clarified the correct approach for determining whether prior
offenses qualify as violent felonies for purposes of a
sentence enhancement under ACCA, and, in Naylor, the
Eighth Circuit held that Missouri second-degree burglary does
not qualify as an ACCA violent felony. In light of these
decisions, Harris claims that he should be resentenced
without the ACCA enhancement.
Harris may collaterally attack his underlying sentence via
§ 2241. Generally, a federal prisoner may challenge the
legality of his sentence only on direct appeal, in an initial
§ 2255 motion, and through a warranted second or
successive § 2255 motion. See United States v.
Peterman, 249 F.3d 458, 461 (6th Cir. 2001). Harris
already pursued a direct appeal and an initial § 2255
motion to no avail, and the Eighth Circuit previously denied
him leave to file a second § 2255 motion. Thus, it would
appear that Harris could only pursue his latest claim by
seeking leave to file a successive § 2255 motion.
However, a successive § 2255 motion is proper only if it
(1) contains newly discovered evidence that “would be
sufficient to establish by clear and convincing evidence that
no reasonable factfinder would have found the movant guilty,
” or (2) is based on “a new rule of
constitutional law, made retroactive to cases on collateral
review by the Supreme Court, that was previously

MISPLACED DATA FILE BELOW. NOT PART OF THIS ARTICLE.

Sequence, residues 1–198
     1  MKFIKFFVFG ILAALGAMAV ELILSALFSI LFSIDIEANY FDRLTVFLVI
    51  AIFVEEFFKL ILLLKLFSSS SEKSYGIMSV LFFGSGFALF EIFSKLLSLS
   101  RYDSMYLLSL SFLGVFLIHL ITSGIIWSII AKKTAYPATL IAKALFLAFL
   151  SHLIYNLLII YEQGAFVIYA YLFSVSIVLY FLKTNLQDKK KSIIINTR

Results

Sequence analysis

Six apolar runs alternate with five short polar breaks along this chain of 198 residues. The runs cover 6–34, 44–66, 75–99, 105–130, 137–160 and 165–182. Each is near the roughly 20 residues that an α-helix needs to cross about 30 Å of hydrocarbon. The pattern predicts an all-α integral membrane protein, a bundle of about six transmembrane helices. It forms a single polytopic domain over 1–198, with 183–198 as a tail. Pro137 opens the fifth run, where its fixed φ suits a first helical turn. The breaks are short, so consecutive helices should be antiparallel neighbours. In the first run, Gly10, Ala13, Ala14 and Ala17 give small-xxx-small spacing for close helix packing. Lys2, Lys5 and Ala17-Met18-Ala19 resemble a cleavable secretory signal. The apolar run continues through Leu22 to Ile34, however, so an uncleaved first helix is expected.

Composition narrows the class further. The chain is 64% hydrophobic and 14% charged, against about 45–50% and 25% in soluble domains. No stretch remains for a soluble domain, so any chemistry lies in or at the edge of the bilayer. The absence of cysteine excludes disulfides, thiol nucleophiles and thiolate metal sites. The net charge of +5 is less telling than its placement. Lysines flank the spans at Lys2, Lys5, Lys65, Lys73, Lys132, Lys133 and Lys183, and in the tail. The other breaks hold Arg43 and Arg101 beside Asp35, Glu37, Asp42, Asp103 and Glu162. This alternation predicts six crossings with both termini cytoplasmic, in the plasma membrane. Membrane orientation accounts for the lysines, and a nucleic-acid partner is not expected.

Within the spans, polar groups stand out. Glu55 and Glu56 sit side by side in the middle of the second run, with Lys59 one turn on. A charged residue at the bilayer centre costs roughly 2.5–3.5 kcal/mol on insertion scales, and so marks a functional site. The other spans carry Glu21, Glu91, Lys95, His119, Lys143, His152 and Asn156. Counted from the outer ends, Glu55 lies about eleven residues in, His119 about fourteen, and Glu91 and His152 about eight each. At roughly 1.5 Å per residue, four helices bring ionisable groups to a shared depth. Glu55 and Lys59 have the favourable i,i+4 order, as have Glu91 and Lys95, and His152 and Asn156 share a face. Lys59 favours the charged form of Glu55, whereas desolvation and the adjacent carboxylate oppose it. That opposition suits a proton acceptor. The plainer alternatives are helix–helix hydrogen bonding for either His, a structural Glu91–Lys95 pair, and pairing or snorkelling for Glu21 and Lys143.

unavailable.” 28 U.S.C. § 2255(h). Here, there is
no dispute that Harris has not made either showing; indeed,
he puts forth no new evidence, and his petition is based on a
case, Mathis, centering on statutory construction.
under binding Sixth Circuit law, Harris can proceed with his
petition because of the savings clause found in §
2255(e). That provision states:
An application for a writ of habeas corpus in behalf of a
prisoner who is authorized to apply for relief by motion
pursuant to this section, shall not be entertained if it
appears that the applicant has failed to apply for relief, by
motion, to the court which sentenced him, or that such court
has denied him relief, unless it also appears that the
remedy by motion is inadequate or ineffective to test the
legality of his detention.
28 U.S.C. § 2255(e) (emphasis added). The Sixth Circuit
has determined that “where the remedy under § 2255
is inadequate or ineffective, the savings clause allows a
federal prisoner to bring a claim challenging his conviction
or imposition of sentence under § 2241.” Hill
v. Masters, 836 F.3d 591, 594 (6th Cir. 2016) (quotation
marks and citation omitted). The Sixth Circuit also
articulated the test that applies, in this context, when a
petitioner attempts to come within the savings clause.
Id. at 595. When the target of a § 2241
petition is a misapplied sentence, the petitioner must
establish: “(1) a case of statutory interpretation, (2)
that is retroactive and could not have been invoked in the
initial § 2255 motion, and (3) that the misapplied
sentence presents an error sufficiently grave to be deemed a
miscarriage of justice or a fundamental defect.”
meets Hill's first two requirements. The Sixth
Circuit has repeatedly said in § 2241 cases that
Mathis-which clarified the correct analysis for
assaying ACCA predicates-is a case of statutory
interpretation that is retroactive. See Sutton v.
Quintana, No. 16-6534, 2017 WL 4677548, *2 (6th Cir.
July 12, 2017); Dowell v. Quintana, No. 17-5297,
2017 U.S. App. LEXIS 23409, *2 (6th Cir. Nov. 17, 2017);
Muir v. Quintana, No. 17-6050, 2018 WL 4276133, *2
(6th Cir. Apr. 26, 2018). And, the ...